Love Is Strange
The emotions unleashed by "Love Is Strange" are enormous. It is a patient and, ultimately, transcendent film.
"The Trumpet of the Swan" is an innocuous family feature that's too little/too late in the fast-moving world of feature animation. I would have found it slow-going anyway, but seeing it not long after the triumph of "Shrek" made it seem even tamer and more flat. Maybe younger children will enjoy it at home on video, but older family members will find it thin.
The story is adapted from a 1970 E. B. White fable about a swan named Louie who is born without a voice. While his sisters Ella and Billie are trumpeter swans with magnificent calls, Louie paddles around in disconsolate silence. His father, desperate, raids a music store in Billings, Mont., and steals a trumpet, which Louie learns to play.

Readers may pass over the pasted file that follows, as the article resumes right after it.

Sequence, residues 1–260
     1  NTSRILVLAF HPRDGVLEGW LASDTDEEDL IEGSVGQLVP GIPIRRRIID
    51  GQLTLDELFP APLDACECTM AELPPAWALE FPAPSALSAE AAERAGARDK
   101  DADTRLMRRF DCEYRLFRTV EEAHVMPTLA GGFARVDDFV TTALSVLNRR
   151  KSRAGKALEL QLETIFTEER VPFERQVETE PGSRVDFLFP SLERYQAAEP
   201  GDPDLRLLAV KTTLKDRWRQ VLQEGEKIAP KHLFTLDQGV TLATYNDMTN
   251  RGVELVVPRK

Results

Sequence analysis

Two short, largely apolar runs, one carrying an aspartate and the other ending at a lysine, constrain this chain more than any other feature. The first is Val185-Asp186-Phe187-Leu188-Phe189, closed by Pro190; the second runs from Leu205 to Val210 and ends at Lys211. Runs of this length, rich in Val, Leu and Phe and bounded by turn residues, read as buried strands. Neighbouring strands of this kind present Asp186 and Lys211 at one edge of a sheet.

The young cygnet is a quick study. Encouraged by a local boy named Sam (voice by Sam Gifaldi), Louie enrolls in the local (human) school, and learns to communicate by using a blackboard he straps around his neck. But his father's theft of the trumpet weighs upon him, and eventually he flies to Boston and appears in jazz clubs to raise cash to pay for the instrument.
There's more, involving his romance with the feathery Serena (voice by Reese Witherspoon), who in despair over Louie's absence waddles to the altar with the dastardly Boyd (voice by Seth Green). Much is made of the build-up to the Serena-Boyd vows, but once they are interrupted by Louie's last-minute arrival, there are no further wedding scenes, leading thoughtful viewers to wonder whether Serena's nest-full of eggs represents a little premarital feather-dusting. It wouldn't be the first time a bird fell for a trumpet player.
White privilege, lived.
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